Date: 7/3/18 7:12 am
From: Norman Lavers <0000000a09e6b845-dmarc-request...>
Subject: Re: Cheryl and Norman Lavers' "100 Insects..." book
Many thanks to you all for such kind words. It makes us so very happy to know that people are enjoying the book and putting it to use. Our hope is to get people to look more closely at insects because we have had (still have) so much pleasure observing and learning about them ourselves. All kudos for the writing and humor must go to Norman. I was able to supply half the photos, help a bit with editing and do the necessary computer stuff (I'm pretty incompetent at it but light-years ahead of Norman!), and I made all the p.b. sandwiches for our excursions!
If anyone feels like doing so then a review of the book on Amazon is apparently very helpful. Just don't mention you know us as that diminishes the value of the review.
Thanks again, we really appreciate hearing from you.
Cheryl (and Norman)"Chandelle" Jeff! I am definitely going to remember that word and slip it into an insect description some time.
On Monday, July 2, 2018, 3:58:18 PM CDT, Ann Gordon <chesterann...> wrote:

I second everything that Janine had to say.  I absolutely love this book.  It is truly like taking a walk with Norman and Cheryl and I heard their voices as I read it.  I purchased a copy for myself and another for my great-granddaughter.  Highly recommend!!

On Mon, Jul 2, 2018 at 2:49 PM, Janine Perlman <jpandjf...> wrote:

This is an overdue post in unreserved praise of a most wonderful book, new-products/100-insects-of- arkansas-and-the-midsouth- portraits-stories.
The two hours it took me to savor it cover to cover were some of the most enjoyable and compelling reading I can recall.  For those who haven't yet read it, Norman and Cheryl have chosen representative species from nine insect orders, and offer "portraits and stories" of each.  The portraits are photographic and verbal, which, merging with the stories, are riveting narratives that variously include habitat, anatomy, life history, habits, reproduction, food, behavior, parasites, and defenses against predators---a glimpse of each species' niche in the larger ecology that is home to all of us.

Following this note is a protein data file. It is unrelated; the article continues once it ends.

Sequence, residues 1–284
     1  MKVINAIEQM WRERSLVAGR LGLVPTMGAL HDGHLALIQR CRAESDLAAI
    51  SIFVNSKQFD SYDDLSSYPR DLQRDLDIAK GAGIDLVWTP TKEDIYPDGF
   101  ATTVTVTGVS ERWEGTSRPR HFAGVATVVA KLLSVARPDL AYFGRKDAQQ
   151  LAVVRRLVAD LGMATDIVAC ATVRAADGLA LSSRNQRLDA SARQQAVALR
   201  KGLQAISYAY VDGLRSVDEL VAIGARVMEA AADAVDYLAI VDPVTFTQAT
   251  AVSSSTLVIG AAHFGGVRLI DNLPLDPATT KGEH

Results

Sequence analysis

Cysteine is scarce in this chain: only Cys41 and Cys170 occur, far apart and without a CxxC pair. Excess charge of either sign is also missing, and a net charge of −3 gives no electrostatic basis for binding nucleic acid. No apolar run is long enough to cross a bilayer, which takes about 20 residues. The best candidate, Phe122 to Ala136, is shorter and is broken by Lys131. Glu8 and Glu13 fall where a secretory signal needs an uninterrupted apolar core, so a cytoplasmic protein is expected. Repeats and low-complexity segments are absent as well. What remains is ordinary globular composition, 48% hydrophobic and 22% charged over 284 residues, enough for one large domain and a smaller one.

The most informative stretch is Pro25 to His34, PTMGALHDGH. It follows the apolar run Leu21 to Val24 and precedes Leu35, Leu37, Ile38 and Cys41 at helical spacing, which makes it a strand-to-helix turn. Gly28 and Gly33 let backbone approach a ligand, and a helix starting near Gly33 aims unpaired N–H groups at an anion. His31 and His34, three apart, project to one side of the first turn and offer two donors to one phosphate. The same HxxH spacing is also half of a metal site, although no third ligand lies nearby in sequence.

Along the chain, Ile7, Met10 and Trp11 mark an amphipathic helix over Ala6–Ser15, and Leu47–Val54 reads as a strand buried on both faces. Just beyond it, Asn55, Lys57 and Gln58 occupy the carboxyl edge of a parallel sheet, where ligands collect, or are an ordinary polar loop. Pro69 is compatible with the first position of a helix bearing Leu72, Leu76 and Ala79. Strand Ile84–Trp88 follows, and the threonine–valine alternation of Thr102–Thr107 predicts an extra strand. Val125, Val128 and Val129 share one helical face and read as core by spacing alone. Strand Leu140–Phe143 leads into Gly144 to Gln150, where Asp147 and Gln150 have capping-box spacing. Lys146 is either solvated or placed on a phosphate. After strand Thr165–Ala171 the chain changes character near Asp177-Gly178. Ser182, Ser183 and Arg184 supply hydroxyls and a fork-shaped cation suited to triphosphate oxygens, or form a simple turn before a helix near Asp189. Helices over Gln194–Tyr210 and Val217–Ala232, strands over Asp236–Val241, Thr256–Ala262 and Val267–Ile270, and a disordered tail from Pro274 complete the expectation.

Better informed thanks to the book, I'm noticing with new eyes and more interest the insects I encounter every day.  The species described in "100 Insects..." are generally representative of many related ones also found in Arkansas, and I expect to continue to regularly use the book as a reference.

The stories are not merely fascinating and brimming with the Laverses' quiet passion for their subjects; they are also peppered with sly, gentle, often self-effacing humor.  The reader ends up with much affection, gratitude and admiration, for both the insects and the authors.


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